Tamme: Competition will make UK's receivers better

August 20, 2004|LARRY VAUGHT

After playing on four straight championship teams at Boyle County and then having to wait for a second scholarship offer from the University of Kentucky, Jacob Tamme knows what pressure means.

Yet even though he's playing at the position considered to have more talent than any other spot at Kentucky, the redshirt freshman receiver insists he feels no extra pressure as he tries to earn playing time.

"There is always pressure at this level, but it is pressure you want to have and pressure you like," Tamme said. "We have eight guys we can throw in the first group. One day one guy will make a huge play, the next day it will be someone else. That makes everyone better."

Tamme says receivers coach Joker Phillips recently told his players that he had as much competition at receiver as he's ever had in his coaching career.


"We have a real talented group and a lot of guys who can do different things," Tamme said. "I just have to play to my strong suits."

Tamme's strength is no secret. If the ball is close to him, he usually catches it. Kentucky coach Rich Brooks also likes Tamme's height.

"I think my strongest suit is just catching the ball," said Tamme, who had 97 catches for 1,866 yards and 32 touchdowns at Boyle. "I feel like I am real consistent as far as catching the ball and that is big in games to make sure we get yardage. My height obviously helps, too. Now that we also have Worm (Lonnell Dewalt), we have two pretty big guys who can go up and get the ball."

Injured thumb earlier this week

Tamme injured his thumb earlier this week, but did not miss practice despite having it heavily taped.

"Whatever it takes to catch the ball, I'll do it. I'll probably be coming across the middle and catching the ball in traffic a lot," Tamme said. "But whatever they want, that's fine with me."

Tamme, who was named most valuable player in the 2001 and 2002 state championship games, hopes another skill he learned at Boyle will help earn him additional playing time.

"I am one of those guys that has to block. I will go in motion and be like another tight end at times," Tamme said. "Down on the goal line, we'll do that a lot. That is another thing that can get me on the field if I go in there and make big blocks.

"The coaching staff at Boyle County gets you ready for that kind of stuff. It is a real physical environment at Boyle and that gets you ready for coach Phillips' style of blocking because he likes tough receivers."

Tamme also continues to like Shane Boyd, UK's starting quarterback who is being counted on to provide needed playmaking ability both with his passing and running.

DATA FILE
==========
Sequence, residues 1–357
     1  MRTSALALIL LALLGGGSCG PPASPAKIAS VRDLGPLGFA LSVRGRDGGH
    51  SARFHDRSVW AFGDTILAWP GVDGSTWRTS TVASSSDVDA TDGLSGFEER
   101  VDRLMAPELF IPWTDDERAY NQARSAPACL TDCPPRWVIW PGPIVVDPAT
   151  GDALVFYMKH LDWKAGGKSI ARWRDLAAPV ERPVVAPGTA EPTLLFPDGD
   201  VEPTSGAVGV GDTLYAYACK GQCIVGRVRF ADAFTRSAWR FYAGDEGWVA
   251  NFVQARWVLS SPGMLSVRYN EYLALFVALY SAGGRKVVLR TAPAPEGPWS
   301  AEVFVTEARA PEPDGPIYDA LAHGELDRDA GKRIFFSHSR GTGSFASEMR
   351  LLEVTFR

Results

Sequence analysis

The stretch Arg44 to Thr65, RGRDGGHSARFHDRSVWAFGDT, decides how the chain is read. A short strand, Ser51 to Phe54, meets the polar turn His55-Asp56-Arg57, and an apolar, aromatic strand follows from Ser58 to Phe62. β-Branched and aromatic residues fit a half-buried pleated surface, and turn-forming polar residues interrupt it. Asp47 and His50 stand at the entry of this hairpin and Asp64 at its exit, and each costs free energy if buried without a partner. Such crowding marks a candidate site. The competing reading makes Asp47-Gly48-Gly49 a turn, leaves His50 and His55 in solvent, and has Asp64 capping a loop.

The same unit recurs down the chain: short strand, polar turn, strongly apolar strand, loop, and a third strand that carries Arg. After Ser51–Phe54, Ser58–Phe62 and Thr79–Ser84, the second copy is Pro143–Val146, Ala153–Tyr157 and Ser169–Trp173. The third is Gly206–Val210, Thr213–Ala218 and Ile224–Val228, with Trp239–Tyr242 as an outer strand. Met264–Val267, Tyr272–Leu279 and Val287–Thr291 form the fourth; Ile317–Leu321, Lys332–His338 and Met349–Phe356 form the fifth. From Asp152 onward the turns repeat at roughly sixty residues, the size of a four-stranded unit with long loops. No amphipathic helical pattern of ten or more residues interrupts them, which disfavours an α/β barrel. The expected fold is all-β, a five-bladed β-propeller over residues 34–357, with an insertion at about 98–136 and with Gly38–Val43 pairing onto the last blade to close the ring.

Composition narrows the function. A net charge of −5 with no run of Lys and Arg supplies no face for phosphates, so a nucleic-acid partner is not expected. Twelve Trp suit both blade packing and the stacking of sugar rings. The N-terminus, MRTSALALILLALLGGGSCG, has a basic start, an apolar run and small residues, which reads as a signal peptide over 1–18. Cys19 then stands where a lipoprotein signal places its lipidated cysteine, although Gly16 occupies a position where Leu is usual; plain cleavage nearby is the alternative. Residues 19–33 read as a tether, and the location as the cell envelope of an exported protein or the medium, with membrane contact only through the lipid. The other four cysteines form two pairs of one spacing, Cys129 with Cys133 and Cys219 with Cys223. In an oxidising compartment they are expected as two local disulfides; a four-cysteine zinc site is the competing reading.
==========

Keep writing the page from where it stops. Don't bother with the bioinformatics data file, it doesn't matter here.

"He is a worker. He is a guy you want to get behind and let him drive the bus," Tamme said. "Every time we run, he wins. If he runs the ball during team (drills), he runs an extra 30 yards. Usually he runs several gassers (sprints) after practice. He's always just running his butt off.

"He's improved so much. I am excited about what I think he'll do. He gets to be the man now, and we all believe in him."

Running ahead: Kentucky running backs coach Ron Caragher likes what he's seen from his top four players - tailbacks Arliss Beach and Draak Davis, fullback Rock Johnson, and fullback-tailback Alexis Bwenge.

"They all came back a little stronger, a little faster and quicker," Caragher said. "We also have experience, something we didn't have last year."

Brooks predicted that Davis' weight gain would help him this season. The head coach has praised Davis, a junior college transfer last year, for breaking tackles in practice he could not break last season.

"He just looks like a new player," Brooks said.

Carragher thinks Bwenge's versatility is also important in Kentucky's offense.

"He's mainly taking snaps at fullback, but when we use him at tailback, he's doing fine," Caragher said. "He's very bright and picks things up quickly. He's really going to be important to us."

Kentucky hopes to add freshman Rafael Little to the mix next week. He's been held out of contact work so far because of knee surgery he had in June.

Surprising Booker: Walk-on Karl Booker was moved from receiver to cornerback in spring practice and he's made a big impression on defensive coordinator Mike Archer the last two weeks. He leads the team in interceptions and is making a big push for playing time at a spot where UK lacks depth.

"What he does best is catch the ball. If he gets a chance to pick one off, he does it," Archer said. "He's responded every time he's been tested. I like that."

Archer says Booker still has to learn the fine points of playing cornerback, but that he's improving daily.

"He's rough around the edges, but he's an intelligent, coachable kid. He's shown me he can play if we need him. That decision has already been made."

Student record: Kentucky students set a record for most student tickets purchased in a season earlier this week. Last year UK students bought 2,387 tickets, the most ever at the time. This year Kentucky has already sold 2,410 student season tickets.

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